# Calculate Rotation Matrix to align Vector A to Vector B in 3d?

I have one triangle in 3d space that I am tracking in a simulation. Between time steps I have the the previous normal of the triangle and the current normal of the triangle along with both the current and previous 3d vertex positions of the triangles.

Using the normals of the triangular plane I would like to determine a rotation matrix that would align the normals of the triangles thereby setting the two triangles parallel to each other. I would then like to use a translation matrix to map the previous onto the current, however this is not my main concern right now.

I have found this website http://forums.cgsociety.org/archive/index.php/t-741227.html that says I must

• determine the cross product of these two vectors (to determine a rotation axis)
• determine the dot product ( to find rotation angle)
• build quaternion (not sure what this means)
• the transformation matrix is the quaternion as a 3 by 3 ( not sure)

Any help on how I can solve this problem would be appreciated.

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This may be helpful: gamedev.stackexchange.com/questions/20097/… – Michael Boratko Aug 8 '12 at 21:21
I know it's not your main concern right now, but I suspect it will become a concern later: There's no reason to expect that after applying an arbitrary rotation aligning the normals the triangles will be related by a translation -- you'd still have to rotate around the normal to align them. Stated differently, it's not clear that aligning the normals is a good first step, since you then have to perform two separate rotations. You can get the axis of the full rotation by taking the cross-product of the changes in the differences between two pairs of vertex positions. – joriki Aug 9 '12 at 5:13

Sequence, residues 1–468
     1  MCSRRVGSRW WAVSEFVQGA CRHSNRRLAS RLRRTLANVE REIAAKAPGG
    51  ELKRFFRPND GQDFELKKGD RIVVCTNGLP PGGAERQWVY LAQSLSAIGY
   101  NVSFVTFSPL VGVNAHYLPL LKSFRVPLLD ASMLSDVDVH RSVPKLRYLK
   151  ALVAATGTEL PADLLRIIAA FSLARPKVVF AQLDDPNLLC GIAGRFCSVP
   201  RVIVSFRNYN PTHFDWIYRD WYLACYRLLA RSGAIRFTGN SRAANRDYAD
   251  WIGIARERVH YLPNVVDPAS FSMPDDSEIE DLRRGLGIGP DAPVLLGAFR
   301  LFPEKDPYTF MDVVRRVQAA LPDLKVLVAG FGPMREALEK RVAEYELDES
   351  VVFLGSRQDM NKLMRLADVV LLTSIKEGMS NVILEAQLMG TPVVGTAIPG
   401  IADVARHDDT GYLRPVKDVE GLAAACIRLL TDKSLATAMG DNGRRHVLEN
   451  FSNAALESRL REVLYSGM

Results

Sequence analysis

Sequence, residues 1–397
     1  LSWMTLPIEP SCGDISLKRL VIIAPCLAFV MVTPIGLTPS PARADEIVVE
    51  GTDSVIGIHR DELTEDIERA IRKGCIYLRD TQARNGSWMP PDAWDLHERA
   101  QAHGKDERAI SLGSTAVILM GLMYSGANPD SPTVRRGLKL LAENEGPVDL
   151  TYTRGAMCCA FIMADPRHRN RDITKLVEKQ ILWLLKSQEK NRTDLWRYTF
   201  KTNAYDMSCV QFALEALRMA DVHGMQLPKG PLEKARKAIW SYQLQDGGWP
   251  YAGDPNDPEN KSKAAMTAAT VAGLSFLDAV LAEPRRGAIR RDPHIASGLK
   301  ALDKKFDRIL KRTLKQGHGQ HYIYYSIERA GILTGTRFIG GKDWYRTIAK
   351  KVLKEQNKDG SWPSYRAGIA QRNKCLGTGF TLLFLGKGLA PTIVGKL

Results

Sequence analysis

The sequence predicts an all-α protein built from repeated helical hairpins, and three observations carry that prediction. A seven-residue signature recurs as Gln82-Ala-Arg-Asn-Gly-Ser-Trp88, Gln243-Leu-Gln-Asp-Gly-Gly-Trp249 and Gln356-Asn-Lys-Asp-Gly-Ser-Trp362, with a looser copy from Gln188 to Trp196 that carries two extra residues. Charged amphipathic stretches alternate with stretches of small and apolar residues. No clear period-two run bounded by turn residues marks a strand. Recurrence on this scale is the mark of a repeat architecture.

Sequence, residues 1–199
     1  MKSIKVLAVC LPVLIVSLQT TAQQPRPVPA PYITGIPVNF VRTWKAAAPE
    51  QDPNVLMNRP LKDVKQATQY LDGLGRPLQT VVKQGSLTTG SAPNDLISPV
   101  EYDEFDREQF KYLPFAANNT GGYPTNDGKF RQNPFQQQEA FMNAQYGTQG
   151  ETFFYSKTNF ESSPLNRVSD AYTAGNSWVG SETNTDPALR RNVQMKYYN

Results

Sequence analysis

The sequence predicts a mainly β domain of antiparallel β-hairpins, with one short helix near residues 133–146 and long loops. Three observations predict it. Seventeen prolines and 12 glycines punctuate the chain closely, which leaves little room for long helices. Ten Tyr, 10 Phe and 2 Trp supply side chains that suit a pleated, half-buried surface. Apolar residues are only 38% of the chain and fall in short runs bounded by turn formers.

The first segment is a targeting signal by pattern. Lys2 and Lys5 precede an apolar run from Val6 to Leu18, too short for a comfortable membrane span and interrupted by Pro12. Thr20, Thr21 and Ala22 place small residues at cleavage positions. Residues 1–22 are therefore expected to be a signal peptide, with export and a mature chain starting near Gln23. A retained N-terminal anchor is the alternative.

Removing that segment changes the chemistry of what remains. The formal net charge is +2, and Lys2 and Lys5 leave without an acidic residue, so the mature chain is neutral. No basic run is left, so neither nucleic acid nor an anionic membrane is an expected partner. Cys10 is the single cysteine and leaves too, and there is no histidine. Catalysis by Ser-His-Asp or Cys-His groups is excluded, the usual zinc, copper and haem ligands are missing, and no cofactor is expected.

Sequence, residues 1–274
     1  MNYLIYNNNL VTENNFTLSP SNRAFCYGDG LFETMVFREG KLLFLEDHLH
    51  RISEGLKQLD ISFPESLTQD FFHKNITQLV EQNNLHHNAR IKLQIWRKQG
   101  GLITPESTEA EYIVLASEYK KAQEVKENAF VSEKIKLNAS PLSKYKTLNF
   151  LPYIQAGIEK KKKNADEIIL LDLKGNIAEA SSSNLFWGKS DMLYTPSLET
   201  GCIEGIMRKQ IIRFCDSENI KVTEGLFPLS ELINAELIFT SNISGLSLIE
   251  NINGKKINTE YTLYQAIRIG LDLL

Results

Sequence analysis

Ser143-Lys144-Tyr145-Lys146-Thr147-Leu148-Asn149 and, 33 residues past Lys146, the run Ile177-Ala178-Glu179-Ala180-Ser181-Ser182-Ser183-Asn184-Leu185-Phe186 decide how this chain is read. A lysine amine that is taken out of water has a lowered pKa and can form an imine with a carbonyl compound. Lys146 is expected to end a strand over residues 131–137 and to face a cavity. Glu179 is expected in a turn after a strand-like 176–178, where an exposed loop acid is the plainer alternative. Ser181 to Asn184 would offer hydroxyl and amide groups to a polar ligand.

That is a very good point I had not even though of that – user1084113 Aug 9 '12 at 14:23
@user1084113: No, that would be the cross-product of the changes in two vertex positions; I was talking about the cross-product of the changes in the differences between two pairs of vertex positions, which would be $((A-B)-(A'-B'))\times((B-C)\times(B'-C'))$. This gives you the axis of rotation (except if it lies in the plane of the triangle) because the translation drops out due to the differences, so this is purely the change in two different vectors due to rotation. The translation wouldn't drop out in your version. – joriki Aug 10 '12 at 13:51
@user1084113: There's no canonical answer to that question. An orientation-preserving isometry of $\mathbb R^3$ can be written as a composition of a rotation and a translation (in either order), but this decomposition is not unique -- you can shift the rotation axis and compensate by performing a different translation. Thus you can only determine the direction of the axis from the data, not its position. You can choose the position arbitrarily, e.g. through the origin, and choose the translation accordingly. – joriki Aug 10 '12 at 14:33

You can easily do all this operation using the following reusable library

Vector3 Lib

The following four steps worked for me.